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When Turning Point USA at CU Boulder announced that they would be hosting Ann Coulter, conservative commentator, author and columnist to speak at CU on March 21, mixed cries sounded from both Twitter and Facebook. Some were brimming with anticipation to see how a pot-stirring conservative commentator would be received on campus. Others were shocked at the idea that the university would allow someone with harmful opinions to speak and were already contemplating protesting the event.
The organization behind the event is Turning Point USA, the same organization behind the Free Speech Wall, which also caused contention. Free speech is one of the main objectives of the conservative organization. The Free Speech Wall is usually constructed from cardboard boxes and placed around campus, on which students can write things that they stand for.
“We believe that open dialogue and debate is the hallmark of college campuses,” said CU Chapter President Ashley Mayer.
Free speech and exchange of different views are vital to the development of political opinions, and I support Turning Point USA’s decision to host Coulter on campus. Many people use college as a time to become politically active, meaning it is important to expose college students to people from both ends of the political spectrum.
Mayer said that Turning Point USA believes the sole definition of free speech lies in the First Amendment. To demonstrate this embodiment of free speech, the organization brings conservative speakers like Coulter to campus.
“Ann is a successful conservative who embodies and defends the first amendment,” Mayer said.
While many may not agree with Mayer’s statement about Coulter, it is true that Coulter has found some type of fan base. Coulter has 1.94 million followers on Twitter. Coulter is also an accomplished author and columnist. She has 12 published books, including “Never Trust a Liberal Over Three — Especially a Republican,” and “Demonic.” She also appeared on MSNBC, CNN and Fox News as a legal correspondent.
Coulter definitely exercises her right to freedom of speech. She is known for her outrageously offensive comments, which usually do one of two things: slanders liberals or endorses Christianity — sometimes both.
To name a few instances:
“Liberals hate religion because politics is a religion substitute for liberals and they can’t stand the competition.”
“God gave us the earth. We have dominion over the plants, the animals, the trees. God said, ‘Earth is yours. Take it. Rape it. It’s yours.'”
“There are a lot of bad republicans; there are no good democrats.”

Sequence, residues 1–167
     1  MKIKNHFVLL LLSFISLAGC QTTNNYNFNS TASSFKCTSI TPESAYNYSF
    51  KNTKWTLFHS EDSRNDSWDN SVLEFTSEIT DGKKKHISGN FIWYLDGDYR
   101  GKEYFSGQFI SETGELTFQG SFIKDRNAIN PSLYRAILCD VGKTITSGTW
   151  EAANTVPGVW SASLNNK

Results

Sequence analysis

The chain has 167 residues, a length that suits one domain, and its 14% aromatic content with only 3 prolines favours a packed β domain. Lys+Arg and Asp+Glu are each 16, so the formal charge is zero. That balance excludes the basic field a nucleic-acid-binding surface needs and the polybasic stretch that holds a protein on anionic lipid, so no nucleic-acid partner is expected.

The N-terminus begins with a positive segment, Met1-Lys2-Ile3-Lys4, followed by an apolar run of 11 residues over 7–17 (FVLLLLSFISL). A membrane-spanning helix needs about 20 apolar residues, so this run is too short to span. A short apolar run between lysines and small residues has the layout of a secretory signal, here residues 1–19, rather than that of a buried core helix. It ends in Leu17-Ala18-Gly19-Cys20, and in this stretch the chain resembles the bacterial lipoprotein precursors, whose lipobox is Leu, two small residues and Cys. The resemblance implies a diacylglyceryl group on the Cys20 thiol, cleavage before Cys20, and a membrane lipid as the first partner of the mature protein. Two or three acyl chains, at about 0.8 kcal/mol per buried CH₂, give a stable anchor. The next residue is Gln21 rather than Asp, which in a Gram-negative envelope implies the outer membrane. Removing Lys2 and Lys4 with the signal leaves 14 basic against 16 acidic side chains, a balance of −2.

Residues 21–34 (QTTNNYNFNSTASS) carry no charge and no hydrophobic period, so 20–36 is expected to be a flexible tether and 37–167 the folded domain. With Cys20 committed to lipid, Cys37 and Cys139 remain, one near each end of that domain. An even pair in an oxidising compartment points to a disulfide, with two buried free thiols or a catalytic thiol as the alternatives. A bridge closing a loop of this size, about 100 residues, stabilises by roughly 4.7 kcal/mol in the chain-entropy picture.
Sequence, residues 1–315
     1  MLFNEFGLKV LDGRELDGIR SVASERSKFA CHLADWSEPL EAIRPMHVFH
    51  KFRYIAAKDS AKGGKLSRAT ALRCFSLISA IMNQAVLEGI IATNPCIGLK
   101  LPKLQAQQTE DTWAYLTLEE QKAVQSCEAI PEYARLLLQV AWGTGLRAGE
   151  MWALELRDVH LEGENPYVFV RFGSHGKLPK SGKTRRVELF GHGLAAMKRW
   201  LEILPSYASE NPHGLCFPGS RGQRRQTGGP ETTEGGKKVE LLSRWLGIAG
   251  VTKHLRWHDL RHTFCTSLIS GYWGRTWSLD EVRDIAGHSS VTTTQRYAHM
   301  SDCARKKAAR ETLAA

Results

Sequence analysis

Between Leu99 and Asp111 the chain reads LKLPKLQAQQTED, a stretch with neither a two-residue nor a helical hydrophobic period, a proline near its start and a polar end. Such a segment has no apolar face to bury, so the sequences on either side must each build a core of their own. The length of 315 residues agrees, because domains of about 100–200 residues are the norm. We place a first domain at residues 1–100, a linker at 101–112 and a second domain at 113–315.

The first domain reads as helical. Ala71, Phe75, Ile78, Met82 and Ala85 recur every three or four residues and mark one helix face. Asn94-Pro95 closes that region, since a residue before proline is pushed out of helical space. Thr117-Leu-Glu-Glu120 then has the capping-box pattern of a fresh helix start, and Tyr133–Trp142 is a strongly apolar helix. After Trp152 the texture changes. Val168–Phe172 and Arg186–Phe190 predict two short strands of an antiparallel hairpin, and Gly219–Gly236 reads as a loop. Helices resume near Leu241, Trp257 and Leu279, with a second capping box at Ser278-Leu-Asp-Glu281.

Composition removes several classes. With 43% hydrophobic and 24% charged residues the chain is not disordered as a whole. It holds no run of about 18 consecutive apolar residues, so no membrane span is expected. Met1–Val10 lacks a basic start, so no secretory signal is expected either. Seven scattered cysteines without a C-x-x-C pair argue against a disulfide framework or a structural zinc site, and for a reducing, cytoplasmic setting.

Coulter was scheduled to speak previously this year at UC Berkeley but was unable after the conservative group that invited her pulled their sponsorship, and protesters threatened safety. Milo Yiannopoulos was also unable to speak at UC Berkeley for the same reasons.
Turning Point USA seems to hope for a very different outcome when Coulter attends CU, despite negative online comments.
“Her story from UC Berkeley inspired us to fulfill her right of freedom of speech on a major, public university,” said Mayer.
In the official press statement about Coulter’s appearance on campus, Coulter said, “I can’t wait! We’re going to have a good time. Even liberals will enjoy themselves.”
Despite the laundry list of offensive quotes and her condescending nature towards those on the left, the controversy surrounding Coulter is representative of a key part of democracy. The beauty of democracy is the right to choose what you do and what you believe as an individual. It is up to you to decide what you think about Coulter and others like her, and the only way to make a fair decision is by hearing what she has to say and not necessarily what others have to say about her.
This isn’t the first time a controversial speaker has been brought to campus by Turning Point USA. Last year, the organization hosted Milo Yiannopoulos. Many students protested his appearance, calling Yiannopoulos out for his use of hate speech rather than free speech.
In addition to free speech, Turning Point USA advocates for the elimination of safe spaces, or spaces that students are free from hateful speech and discrimination.
“Safe spaces foster a false idea that when someone is offended, they can run to a place where all becomes good in the world,” Mayer said.
Perhaps the reason that Turning Point USA decided to host Coulter was to prove the very point that no one is safe from offensive people.
“Beyond college, comes the real world. In the real world, there are no safe spaces,” Mayer said.
She’s right. In the real world, bigoted people are inescapable. In an ideal world, safe spaces are unneeded due to the concept of basic human decency. We don’t live in an ideal world, so maybe Turning Point USA is doing us a favor by desensitizing us to the extremities of the “real world” by inviting people like Coulter and Yiannopoulos to speak on campus.
In a time where politics are so divisive, it is important for individuals to decide what they believe. Otherwise, it is just one political extreme against the other, with no understanding to bridge the gap between the two. Bridging the gap might mean attending Coulter’s speech if you disagree with the things you’ve heard about her. The only way to create understanding is by being informed. So, I encourage you to listen, read and discuss against your own biases. You might surprise yourself.
Contact CU Independent Staff Writer Libby O’Neall at firstname.lastname@example.org.